New York Times Book Review
Furst (Red Gold, 1999, etc.) returns to a bygone Paris and its perversely menacing environs, this time spotlighting a gallant, impeccably suave Hungarian who abruptly leaves the City of Light's parks and cafés on daring missions of intrigue. Debonair debauchee Nicholas Morath is living high in 1938 as a member of the tout Paris, a whirling community of gracefully aging royals, devil-may-care artists, and cynical denizens of the demimonde torn between lighting out for the seaside villa in Normandy, plunging into the casinos of Deauville, or continuing their hedonistic wallow in the stylish city that both adores and ignores them. Morath puts in the odd hour or two at his advertising agency, but prefers the company of his sexy Argentine mistress Cara, who has just been painted nude by Picasso. Just when his life seems to have reached its delightfully dull peak, Morath is summoned to lunch by his uncle, Count Janos Polyani, a crafty official in the Hungarian legation. Now that Hitler has annexed Austria, portending trouble for Hungarians in their native land and abroad, the decorous Count has a favor or four to ask of his nephew. The favors, presented in four interconnected novellas, send the quietly courageous Morath into the Paris expatriate underworld and on several missions into the beautiful gloom of prewar Eastern Europe, where the Reich is opening old wounds and stirring up ancient hatreds. In a series of increasingly dangerous missionsfrom which Morath always manages to return in time for an aperitif and an amorous romphe finds himself played as both king and pawn by devious intriguers who all know that they are living in the last light of adyingera.Furst's narrative, like its hero, lingers so long at the café table that a great deal of the suspense lies in hoping that suspense will arrive. Fortunately, the action scenes are fresh, brutal, and well worth the wait.
Read an Excerpt
On the tenth of March 1938, the night train from Budapest pulled into the Gare du Nord a little after four in the morning. There were storms in the Ruhr Valley and down through Picardy and the sides of the wagon-lits glistened with rain. In the station at Vienna, a brick had been thrown at the window of a first-class compartment, leaving a frosted star in the glass. And later that day there'd been difficulties at the frontiers for some of the passengers, so in the end the train was late getting into Paris.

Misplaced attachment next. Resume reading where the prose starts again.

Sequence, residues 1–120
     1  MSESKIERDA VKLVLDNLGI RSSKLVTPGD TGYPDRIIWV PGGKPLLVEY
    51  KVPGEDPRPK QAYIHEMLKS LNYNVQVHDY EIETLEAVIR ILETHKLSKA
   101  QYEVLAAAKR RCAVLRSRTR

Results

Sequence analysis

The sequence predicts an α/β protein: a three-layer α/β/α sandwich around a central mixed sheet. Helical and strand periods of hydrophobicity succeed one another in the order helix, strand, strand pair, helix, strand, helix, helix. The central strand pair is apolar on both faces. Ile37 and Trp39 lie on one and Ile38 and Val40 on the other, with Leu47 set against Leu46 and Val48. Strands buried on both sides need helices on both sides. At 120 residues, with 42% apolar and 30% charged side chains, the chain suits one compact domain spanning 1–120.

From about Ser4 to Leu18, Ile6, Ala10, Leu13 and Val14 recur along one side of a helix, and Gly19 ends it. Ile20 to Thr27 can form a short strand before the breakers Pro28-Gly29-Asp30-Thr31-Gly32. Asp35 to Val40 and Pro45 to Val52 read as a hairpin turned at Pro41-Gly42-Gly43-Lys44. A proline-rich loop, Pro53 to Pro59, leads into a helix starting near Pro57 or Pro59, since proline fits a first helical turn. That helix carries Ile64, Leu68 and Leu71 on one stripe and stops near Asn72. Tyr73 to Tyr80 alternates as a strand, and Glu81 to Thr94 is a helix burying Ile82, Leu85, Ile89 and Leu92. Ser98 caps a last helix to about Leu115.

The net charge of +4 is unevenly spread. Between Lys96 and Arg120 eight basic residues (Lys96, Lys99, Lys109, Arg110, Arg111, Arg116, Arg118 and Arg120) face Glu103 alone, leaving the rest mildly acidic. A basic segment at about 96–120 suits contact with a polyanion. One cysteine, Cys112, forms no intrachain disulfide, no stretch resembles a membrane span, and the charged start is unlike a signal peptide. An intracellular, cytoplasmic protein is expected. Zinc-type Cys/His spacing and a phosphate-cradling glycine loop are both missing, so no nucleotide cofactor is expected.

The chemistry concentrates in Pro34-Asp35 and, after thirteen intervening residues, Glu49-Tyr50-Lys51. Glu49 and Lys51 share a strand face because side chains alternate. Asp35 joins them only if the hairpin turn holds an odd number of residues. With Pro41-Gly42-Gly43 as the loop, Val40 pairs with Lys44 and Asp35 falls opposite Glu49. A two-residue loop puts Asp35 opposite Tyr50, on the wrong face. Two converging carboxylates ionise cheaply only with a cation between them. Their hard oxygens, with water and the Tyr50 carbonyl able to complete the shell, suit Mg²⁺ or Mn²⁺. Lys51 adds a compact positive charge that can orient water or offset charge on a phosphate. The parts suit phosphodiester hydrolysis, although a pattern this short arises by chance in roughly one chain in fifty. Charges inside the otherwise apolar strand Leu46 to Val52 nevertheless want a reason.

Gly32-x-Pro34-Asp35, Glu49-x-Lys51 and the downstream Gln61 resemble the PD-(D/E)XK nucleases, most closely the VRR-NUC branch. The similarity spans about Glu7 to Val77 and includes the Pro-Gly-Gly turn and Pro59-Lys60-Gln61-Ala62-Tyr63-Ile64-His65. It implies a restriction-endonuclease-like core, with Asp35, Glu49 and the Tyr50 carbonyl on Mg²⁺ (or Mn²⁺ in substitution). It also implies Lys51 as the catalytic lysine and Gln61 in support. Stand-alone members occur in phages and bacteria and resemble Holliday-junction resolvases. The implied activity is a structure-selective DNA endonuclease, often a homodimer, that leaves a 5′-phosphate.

Nicholas Morath, traveling on a Hungarian diplomatic passport, hurried down the platform and headed for the taxi rank outside the station. The first driver in line watched him for a moment, then briskly folded his Paris-Midi and sat up straight behind the wheel. Morath tossed his bag on the floor in the back and climbed in after it. "L'avenue Bourdonnais," he said. "Number eight."
Foreign, the driver thought. Aristocrat. He started his cab and sped along the quai toward the Seventh Arrondissement. Morath cranked the window down and let the sharp city air blow in his face.
8, avenue de la Bourdonnais. A cold, haut bourgeois fortress of biscuit-colored stone block, flanked by the legations of small countries. Clearly, the people who lived there were people who could live anywhere, which was why they lived there. Morath opened the gate with a big key, walked across the courtyard, used a second key for the building entry. "Bonsoir, Séléne," he said. The black Belgian shepherd belonged to the concierge and guarded the door at night. A shadow in the darkness, she came to his hand for a pat, then sighed as she stretched back out on the tile. Séléne, he thought, goddess of the moon.